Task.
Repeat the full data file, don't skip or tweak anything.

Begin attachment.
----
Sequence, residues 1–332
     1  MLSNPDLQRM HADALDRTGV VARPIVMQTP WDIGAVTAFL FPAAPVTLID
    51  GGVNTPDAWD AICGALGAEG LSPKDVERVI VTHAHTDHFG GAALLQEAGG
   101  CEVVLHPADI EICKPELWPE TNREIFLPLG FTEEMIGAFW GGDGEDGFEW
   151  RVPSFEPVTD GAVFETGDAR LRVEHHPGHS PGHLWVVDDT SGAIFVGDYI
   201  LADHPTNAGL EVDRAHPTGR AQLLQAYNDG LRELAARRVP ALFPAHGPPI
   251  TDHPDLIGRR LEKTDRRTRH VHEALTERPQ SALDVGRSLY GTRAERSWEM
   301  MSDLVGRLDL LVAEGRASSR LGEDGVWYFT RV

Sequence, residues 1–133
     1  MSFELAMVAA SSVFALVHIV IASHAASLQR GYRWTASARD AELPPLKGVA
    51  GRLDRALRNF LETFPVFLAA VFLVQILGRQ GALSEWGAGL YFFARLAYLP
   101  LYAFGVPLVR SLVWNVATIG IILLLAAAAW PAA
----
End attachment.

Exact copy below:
Sequence, residues 1–332
     1  MLSNPDLQRM HADALDRTGV VARPIVMQTP WDIGAVTAFL FPAAPVTLID
    51  GGVNTPDAWD AICGALGAEG LSPKDVERVI VTHAHTDHFG GAALLQEAGG
   101  CEVVLHPADI EICKPELWPE TNREIFLPLG FTEEMIGAFW GGDGEDGFEW
   151  RVPSFEPVTD GAVFETGDAR LRVEHHPGHS PGHLWVVDDT SGAIFVGDYI
   201  LADHPTNAGL EVDRAHPTGR AQLLQAYNDG LRELAARRVP ALFPAHGPPI
   251  TDHPDLIGRR LEKTDRRTRH VHEALTERPQ SALDVGRSLY GTRAERSWEM
   301  MSDLVGRLDL LVAEGRASSR LGEDGVWYFT RV

Sequence, residues 1–133
     1  MSFELAMVAA SSVFALVHIV IASHAASLQR GYRWTASARD AELPPLKGVA
    51  GRLDRALRNF LETFPVFLAA VFLVQILGRQ GALSEWGAGL YFFARLAYLP
   101  LYAFGVPLVR SLVWNVATIG IILLLAAAAW PAA